Sunday, February 2, 2014

Top Down

There are many many many many MANY reasons that top down reformatorium programs are a bad idea. But lets just focus on one for a moment.

Years ago our school had to implement a new graduation project program. Our principal met this challenge by putting a bunch of staff in a room to thrash out the details of how the new program would work. We met and we talked and we talked and we met, and eventually hammered out a whole program for the graduation project.

But we ended up with more than a workable program. We also ended up with a room full of people who understood how the program was supposed to work.

Management training 101 says that you want to give people the illusion of involvement in the creation of a program so that you will also get buy-in. But when you create new programs or reforms from the bottom up, your program creation is also your program training, and that is worth its weight in gold.

Apologists for CCSS keep blaming the various issues on a bad rollout. If only the implementation hadn't been flawed, they say. we would be gamboling through fields of common core daisies. But implementing CCSS from the top down absolutely guaranteed that the rollout would be flawed. The messed-up implementation is not a bug; it's an unavoidable feature.

Top down implementation means that none of the people who actually have to implement the program have any idea of what the program is or how it's supposed to work. Everything has to be explained to everybody, and that's a long process, a process not unlike a long game of telephone.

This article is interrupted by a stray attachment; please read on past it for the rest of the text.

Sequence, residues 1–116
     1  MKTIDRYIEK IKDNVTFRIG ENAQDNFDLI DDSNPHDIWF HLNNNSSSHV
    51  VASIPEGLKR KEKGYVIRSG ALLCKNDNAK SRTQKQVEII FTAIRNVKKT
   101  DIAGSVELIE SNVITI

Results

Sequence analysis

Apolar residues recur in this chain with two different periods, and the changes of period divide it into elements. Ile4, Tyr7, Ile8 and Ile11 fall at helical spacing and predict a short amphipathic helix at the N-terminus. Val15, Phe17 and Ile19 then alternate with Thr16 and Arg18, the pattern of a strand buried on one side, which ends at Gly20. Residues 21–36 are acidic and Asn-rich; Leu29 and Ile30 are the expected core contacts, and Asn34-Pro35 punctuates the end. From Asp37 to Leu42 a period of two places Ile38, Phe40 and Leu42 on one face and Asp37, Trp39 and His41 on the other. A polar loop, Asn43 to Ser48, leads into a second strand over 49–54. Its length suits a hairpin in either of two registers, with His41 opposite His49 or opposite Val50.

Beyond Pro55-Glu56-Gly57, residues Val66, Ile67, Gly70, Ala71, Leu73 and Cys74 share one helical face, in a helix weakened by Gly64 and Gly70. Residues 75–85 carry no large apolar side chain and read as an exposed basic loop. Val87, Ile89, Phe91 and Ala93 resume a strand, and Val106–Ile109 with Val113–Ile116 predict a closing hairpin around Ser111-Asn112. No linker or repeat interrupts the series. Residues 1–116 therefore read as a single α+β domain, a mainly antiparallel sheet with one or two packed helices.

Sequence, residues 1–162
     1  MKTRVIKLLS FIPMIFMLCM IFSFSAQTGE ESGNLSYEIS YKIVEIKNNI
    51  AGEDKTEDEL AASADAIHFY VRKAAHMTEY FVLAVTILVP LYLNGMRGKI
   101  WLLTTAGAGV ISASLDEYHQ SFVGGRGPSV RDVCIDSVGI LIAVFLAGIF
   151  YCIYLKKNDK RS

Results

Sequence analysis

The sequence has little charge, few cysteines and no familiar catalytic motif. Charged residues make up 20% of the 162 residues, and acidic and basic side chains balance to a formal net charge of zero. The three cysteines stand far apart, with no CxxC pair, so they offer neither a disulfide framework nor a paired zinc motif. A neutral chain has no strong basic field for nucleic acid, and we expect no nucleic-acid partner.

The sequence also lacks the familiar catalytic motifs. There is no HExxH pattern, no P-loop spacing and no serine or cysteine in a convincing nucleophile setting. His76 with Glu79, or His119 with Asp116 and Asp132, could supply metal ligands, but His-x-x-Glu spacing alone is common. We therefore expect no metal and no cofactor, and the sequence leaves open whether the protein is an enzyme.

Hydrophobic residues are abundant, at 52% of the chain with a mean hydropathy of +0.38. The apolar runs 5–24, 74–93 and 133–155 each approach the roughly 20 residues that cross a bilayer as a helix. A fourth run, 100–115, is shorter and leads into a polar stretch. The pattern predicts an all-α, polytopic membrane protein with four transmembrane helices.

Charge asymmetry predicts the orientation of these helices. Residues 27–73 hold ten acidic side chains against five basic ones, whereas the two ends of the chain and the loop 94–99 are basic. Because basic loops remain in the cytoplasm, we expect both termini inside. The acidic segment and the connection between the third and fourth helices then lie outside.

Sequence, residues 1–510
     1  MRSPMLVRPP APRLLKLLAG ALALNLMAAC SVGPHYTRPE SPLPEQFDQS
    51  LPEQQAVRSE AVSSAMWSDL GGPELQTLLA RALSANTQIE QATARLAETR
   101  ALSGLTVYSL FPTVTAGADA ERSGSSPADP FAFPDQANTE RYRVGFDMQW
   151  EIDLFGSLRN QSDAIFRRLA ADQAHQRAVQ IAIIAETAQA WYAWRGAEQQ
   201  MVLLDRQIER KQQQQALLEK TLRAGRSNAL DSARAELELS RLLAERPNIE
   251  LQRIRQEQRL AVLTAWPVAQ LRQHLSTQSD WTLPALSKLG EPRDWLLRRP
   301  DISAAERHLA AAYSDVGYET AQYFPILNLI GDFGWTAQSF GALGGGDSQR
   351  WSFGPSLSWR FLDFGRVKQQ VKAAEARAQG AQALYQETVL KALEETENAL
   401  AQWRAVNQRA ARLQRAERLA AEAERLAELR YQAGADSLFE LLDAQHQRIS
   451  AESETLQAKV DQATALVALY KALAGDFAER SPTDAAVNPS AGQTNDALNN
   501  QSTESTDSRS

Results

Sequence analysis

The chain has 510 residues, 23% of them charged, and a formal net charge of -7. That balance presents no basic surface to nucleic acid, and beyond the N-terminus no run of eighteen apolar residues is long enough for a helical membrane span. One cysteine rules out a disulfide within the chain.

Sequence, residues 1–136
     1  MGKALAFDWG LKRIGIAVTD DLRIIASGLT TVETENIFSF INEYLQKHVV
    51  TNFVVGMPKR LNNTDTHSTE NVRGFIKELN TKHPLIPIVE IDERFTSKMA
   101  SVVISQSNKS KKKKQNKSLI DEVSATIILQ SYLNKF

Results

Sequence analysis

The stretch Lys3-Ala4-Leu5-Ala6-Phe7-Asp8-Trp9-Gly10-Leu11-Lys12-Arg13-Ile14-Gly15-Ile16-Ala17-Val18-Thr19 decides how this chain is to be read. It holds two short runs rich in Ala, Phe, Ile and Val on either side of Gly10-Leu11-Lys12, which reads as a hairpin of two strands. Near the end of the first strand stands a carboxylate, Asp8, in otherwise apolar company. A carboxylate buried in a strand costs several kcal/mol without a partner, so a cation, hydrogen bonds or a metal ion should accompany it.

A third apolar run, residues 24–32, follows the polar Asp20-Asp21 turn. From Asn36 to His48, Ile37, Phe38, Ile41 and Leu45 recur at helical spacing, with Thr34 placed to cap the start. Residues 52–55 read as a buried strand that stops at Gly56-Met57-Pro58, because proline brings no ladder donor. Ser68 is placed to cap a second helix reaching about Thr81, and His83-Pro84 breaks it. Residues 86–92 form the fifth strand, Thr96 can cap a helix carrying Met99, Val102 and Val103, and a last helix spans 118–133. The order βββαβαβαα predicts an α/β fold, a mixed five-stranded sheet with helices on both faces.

CCSS has been even worse than the average top-down implementation because it is so jam-packed with its own jargon. Teachers are sitting through training where hours are being devoted simply to getting everyone in the room to use the proscribed definition of "rigor." Teachers are spending days in seminars about "unpacking" the standards themselves, which is a nice-sounding way of saying "trying to figure out what the hell all this gobbledygook is supposed to mean to an actual classroom teacher.":

With bottom-up reform, everyone has been in the room working on a shared language of shared expectations together. That understanding emerges organically while the details are hammered out. But top-down reform has to be passed down in its entirety, all the way down to the actual words being used. The program becomes like bad stereo directions that are passed down as a xerox of a xerox of a xerox ad infinitum, each one presented by someone who has his own maybe-faulty understanding of what he sees on the bad copy that's been handed to him.

If the most genius edu-whizes in the world came up with the best school reform system ever and tried to implement it this way, there would be tremendous problems. Start with a hackneyed mess of garbled muck like CCSS, and you are absolutely guaranteed a flawed implementation.

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